Thursday, August 28, 2014
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Lee placed on DL with elbow strain

Cliff Lee's ailing left elbow landed him on the DL. But MRI results were encouraging, as Lee is headed for rest, and not surgery.

Lee placed on DL with elbow strain

Phillies starting pitcher Cliff Lee. (Ron Cortes/Staff Photographer)
Phillies starting pitcher Cliff Lee. (Ron Cortes/Staff Photographer)

Cliff Lee has arm trouble. So much so that he felt discomfort turning the door knob at his house.

But in the span of five hours in Miami on Tuesday night, the Phillies could at least count themselves somewhat grateful their $120 million All-Star lefthander isn’t headed toward the same path as Miami’s Jose Fernandez, New York’s Matt Harvey and countless other major league pitchers who have gotten in line for Tommy John surgery in the last year.

Lee had an MRI on his ailing left elbow on Tuesday, general manager Ruben Amaro Jr. said an hour before first pitch at Marlins Park. 

“Any time one of our starters has to get a MRI,” Amaro said, “it’s alarming.”

Although Lee would be placed on the 15-day disabled list before the end of the night, the results from the MRI that came down after the game were at least somewhat encouraging.

Lee isn’t headed for surgery; he’s in line for a few weeks of rest.

Lee was diagnosed with a Grade 1/2 left elbow strain.

“It's never good news whenever you lose one of your No. 1 pitchers, but it's pretty mild,” Amaro said. “But it's a strain and we want to be careful with him.”

Since Lee will be shut down from throwing for at least the next week, he isn’t likely to return when the DL stint expires. The Phillies hope he’ll return within the next month.

“Hopefully it was caught early enough with the mildness that it is,” manager Ryne Sandberg said. “He’s had good outings right up to it. It just came on the day-after effects. So hopefully it’s mild enough that we’ll have him (back soon), get it behind us, taken care of.”

Lee said first felt discomfort last month, in his fourth start of the season on April 16 against Atlanta. He threw a career-high 128 pitches in a 1-0 complete game loss that night.

But it was mild enough that Lee was able to pitch through it while using anti-inflammatories to combat the pain. At least up until his start on Sunday against Cincinnati.

“We started doing treatment on it, and it was acting like it was getting better,” Lee said of the last month. “Then this last start I started to feel it the last couple of innings, just about every throw. Obviously it was pretty sure the next day and I felt it trying to play catch (on Monday). It was there on every throw..”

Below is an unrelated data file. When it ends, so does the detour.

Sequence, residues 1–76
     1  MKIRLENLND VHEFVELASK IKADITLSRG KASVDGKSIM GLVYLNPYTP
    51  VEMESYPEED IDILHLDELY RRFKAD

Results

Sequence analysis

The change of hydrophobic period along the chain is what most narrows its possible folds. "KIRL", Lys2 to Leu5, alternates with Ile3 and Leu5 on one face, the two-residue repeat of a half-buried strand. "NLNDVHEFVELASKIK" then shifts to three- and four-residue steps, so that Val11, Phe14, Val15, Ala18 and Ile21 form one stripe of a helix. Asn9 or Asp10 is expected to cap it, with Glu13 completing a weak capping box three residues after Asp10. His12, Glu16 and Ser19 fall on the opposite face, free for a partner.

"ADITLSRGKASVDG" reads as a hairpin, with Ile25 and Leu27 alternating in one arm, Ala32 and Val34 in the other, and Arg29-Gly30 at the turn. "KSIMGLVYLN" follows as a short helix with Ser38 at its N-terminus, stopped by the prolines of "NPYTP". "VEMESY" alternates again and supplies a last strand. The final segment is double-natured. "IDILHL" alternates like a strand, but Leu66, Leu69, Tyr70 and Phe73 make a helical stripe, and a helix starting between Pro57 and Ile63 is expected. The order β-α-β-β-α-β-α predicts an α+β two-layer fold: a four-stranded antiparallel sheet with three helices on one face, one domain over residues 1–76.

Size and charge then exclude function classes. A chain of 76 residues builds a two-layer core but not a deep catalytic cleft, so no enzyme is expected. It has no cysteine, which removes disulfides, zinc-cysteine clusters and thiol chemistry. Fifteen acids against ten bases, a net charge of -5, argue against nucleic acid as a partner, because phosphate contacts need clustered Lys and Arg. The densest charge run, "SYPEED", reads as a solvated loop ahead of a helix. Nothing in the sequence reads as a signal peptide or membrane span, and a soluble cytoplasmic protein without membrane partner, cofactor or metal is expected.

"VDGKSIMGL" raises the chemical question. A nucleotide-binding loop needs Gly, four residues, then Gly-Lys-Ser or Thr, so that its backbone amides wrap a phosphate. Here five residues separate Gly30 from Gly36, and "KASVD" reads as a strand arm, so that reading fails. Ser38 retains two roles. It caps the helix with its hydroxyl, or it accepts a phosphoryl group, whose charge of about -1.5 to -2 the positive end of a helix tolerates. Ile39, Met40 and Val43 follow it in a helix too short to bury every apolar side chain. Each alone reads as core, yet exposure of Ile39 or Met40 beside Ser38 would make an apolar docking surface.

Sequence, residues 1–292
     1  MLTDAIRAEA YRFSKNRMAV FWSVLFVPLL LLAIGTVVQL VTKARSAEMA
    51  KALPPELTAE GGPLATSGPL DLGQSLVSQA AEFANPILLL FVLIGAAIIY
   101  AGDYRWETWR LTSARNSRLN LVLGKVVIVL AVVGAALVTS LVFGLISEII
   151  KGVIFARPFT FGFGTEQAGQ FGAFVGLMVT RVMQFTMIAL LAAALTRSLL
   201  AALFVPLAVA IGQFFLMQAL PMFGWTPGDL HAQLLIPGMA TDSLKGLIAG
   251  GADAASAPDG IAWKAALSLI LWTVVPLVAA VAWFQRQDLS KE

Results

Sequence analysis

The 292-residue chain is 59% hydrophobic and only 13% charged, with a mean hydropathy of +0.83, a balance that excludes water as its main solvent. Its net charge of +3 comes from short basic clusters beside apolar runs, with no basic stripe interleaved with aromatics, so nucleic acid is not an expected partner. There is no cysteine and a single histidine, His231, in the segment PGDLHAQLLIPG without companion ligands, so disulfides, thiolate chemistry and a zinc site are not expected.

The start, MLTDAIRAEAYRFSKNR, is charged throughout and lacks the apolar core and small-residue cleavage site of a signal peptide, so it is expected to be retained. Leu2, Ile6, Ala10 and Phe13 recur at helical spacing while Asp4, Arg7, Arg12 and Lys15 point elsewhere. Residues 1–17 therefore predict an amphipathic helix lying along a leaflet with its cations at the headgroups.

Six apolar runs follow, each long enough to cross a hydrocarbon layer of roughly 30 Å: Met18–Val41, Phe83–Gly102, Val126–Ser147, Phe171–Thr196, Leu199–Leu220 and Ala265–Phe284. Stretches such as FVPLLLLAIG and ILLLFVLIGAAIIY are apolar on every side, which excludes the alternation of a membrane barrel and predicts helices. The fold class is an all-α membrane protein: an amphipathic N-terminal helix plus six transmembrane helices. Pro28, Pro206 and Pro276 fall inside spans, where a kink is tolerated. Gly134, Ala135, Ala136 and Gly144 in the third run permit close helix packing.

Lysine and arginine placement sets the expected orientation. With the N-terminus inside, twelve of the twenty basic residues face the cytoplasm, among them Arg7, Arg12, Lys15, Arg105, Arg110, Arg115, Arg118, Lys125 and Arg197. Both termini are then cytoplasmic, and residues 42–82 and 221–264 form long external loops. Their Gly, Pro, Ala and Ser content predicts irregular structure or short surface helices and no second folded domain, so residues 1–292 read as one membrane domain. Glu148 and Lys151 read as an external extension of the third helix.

Lee is 4-4 with a 3.18 ERA in 10 starts this season, his fourth since signing a five-year, $120 million free agent deal with the Phillies in December 2010. He earned his fourth win of the season on Sunday, when he held Cincinnati to two runs on nine hits in 6 2/3 innings.

His current bout with elbow trouble is unchartered territory for Lee, who turns 36 in August.

“I really don't know (how long I’ll be out),” Lee said. “This is new to me. I've never had anything like this. They seem to think that not throwing for a week it should be quite a bit better. I don't know if it'll be gone, but you don't really know until you get there. Hopefully in a week it's gone, then play catch and in another week I'll be back in games.”

But Lee was at least thankful the MRI results didn’t mean his 2014 season was in danger.

"I was hoping it would be minor,” Lee said. “I don't know if this is minor, but it's definitely not a ligament. So the Tommy John thing is not what it is. So that's good. But we knew it wasn't that from the tests they did on me. They assumed it was the flexor tendon, but you don't really know until you get an MRI and confirm it.”

A.J. Burnett, who earned his 150th career win on Tuesday night, was among many in the Phillies clubhouse relieved with Lee's MRI results.

"It’s better news than the other, so you’re happy for that," Burnett said. "We’ll hold the fort down until we get Cliff back. I said my prayers last night, I’m sure some other people did too. It wasn’t great news, but it was better than the alternative."

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Ryan Lawrence Daily News Staff Writer
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